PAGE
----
Supplements have a complex relationship to the healthcare industry. Officials do not regulate them like drugs or food. The FDA regulates supplements under the Dietary Supplement Health and Education Act of 1994, a framework allowing the agency to remove supplements from the market if they prove dangerous. Despite this, the supplement industry is a market worth tens of billions of dollars (and growing), according to the market research firm McKinsey & Company.
Supplements in General
The term “supplements” carries several different meanings—everything from a daily multivitamin to personalized formulas used by bodybuilders. They become more popular as consumers have become more conscious of their health. This is, in part, due to an aging population, as well as a trend towards preventative health measure. In other words, rather than waiting until heart disease strikes, consumers often take omega-3 fatty acids to help ward off heart disease. RnR Market Research found that, although there was a general trend toward natural products and food-based health decision, people still turned to supplements for specific health needs.
Because consumers view supplements as a means towards a healthier lifestyle, and because they think more about their health than ever, consumers make their own choices about what they need, as well as what they put in their bodies more often. This was another insight in the McKinsey & Company study. These shifts in focus create an unpredictable economic landscape for companies involved in the healthcare industry. New Hope Network, a group of wellness industry consultants, writes that one of the primary consumer goals driving the growth of the supplement industry is the desire to lower healthcare costs. This does not mean that the two industries compete. The two are, in fact, symbiotic.
About the Benefits of Supplements
The pace of science and research means that companies continue and develop and refine new formulas. However, this development and refinement often owes a debt to the healthcare industry. Take, for example, the case of Synadrene. Synadrene is a synthetic weight-loss supplement developed by Hi Tech Pharmaceuticals. It is a successor to Synadrex, a discontinued weight-loss supplement the FDA banned. Synedrex had a stimulant known as 1,3 DMAA. Once they banned that, the supplement went through several other formulas, including some that replaced the DMAA with more caffeine, before they dropped it for good. Synadrene is a further development of this supplement. Rather than DMAA, Synadrene has DMHA (also known as octodrine). Many people use it as a pre-workout. DMHA’s chemical makeup is like, but distinct from, DMAA. Companies developed it as a decongestant in the 1950’s; however, no one still uses it for that purpose. Synadrex, in fact, owes its existence to healthcare industry research.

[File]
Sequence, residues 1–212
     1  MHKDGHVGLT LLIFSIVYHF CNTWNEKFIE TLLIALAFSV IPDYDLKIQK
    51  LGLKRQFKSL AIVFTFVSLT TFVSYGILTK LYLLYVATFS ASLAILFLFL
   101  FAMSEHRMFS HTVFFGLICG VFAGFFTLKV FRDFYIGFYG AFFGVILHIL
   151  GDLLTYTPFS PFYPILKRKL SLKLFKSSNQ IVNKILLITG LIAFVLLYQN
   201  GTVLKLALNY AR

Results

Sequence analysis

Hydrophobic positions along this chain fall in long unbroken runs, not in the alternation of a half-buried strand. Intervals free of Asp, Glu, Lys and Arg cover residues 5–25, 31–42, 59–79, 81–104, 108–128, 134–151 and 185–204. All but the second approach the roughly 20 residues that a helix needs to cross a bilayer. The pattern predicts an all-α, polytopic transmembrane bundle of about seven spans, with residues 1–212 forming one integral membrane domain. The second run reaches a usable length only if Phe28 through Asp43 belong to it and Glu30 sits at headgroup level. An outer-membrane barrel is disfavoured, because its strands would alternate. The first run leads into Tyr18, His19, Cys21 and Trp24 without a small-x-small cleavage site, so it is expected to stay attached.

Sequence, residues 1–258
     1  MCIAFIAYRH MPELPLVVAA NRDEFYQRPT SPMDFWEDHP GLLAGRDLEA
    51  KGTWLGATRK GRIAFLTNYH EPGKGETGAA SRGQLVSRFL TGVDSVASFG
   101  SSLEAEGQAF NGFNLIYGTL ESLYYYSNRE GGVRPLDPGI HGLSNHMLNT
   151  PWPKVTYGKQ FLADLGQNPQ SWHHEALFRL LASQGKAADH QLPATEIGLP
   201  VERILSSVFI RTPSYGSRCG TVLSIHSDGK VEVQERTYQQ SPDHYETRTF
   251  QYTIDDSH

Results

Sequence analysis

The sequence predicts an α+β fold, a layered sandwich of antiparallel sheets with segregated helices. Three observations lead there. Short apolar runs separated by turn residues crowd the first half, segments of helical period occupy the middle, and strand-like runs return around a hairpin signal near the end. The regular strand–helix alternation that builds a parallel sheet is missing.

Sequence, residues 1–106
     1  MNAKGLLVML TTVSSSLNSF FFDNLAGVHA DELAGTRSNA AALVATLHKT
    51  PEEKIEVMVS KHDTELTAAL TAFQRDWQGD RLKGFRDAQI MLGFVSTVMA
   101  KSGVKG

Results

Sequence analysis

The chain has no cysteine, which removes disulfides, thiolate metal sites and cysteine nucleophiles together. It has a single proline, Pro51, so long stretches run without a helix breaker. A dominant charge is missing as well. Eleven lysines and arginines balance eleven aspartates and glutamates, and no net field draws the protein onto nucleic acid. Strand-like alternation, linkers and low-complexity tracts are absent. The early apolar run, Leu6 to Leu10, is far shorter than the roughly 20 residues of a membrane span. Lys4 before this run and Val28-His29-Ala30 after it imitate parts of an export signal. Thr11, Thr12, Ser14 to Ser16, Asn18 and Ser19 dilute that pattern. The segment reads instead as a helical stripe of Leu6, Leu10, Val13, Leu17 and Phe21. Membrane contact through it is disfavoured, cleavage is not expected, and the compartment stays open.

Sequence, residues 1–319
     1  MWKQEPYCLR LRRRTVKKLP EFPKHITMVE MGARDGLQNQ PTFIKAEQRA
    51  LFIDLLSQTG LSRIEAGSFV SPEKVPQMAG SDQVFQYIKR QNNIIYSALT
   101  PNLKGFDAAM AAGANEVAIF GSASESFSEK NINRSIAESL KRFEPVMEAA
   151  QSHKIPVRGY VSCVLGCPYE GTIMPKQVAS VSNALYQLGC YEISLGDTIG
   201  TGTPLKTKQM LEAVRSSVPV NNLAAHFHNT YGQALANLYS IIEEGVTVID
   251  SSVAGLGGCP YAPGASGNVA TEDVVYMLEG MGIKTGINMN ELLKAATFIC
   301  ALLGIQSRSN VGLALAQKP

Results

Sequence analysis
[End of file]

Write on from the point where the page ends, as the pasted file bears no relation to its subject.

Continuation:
Still, most supplement makers differ from the healthcare industry in big ways. First, as we mentioned earlier, officials regulate them under different laws. Also, because most supplements have no patents, and companies make them from generic, often-inexpensive ingredients, supplement companies spend less on research, development, and patenting than drug manufacturers.
For the individual consumer, the most reasonable advice for taking any supplement for your health is the most common-sensical one. Adding a supplement is not an easy health fix. It’s like owning a high-performance car: You can fill the tank up with high-octane gas, but if you never change the oil, you’re still mistreating the engine. Any supplement should be paired with a healthy diet and exercise in order for you to realize its full benefits. By understanding the supplements you take, checking what you eat, and knowing the workout that works for you, you can achieve your health goals.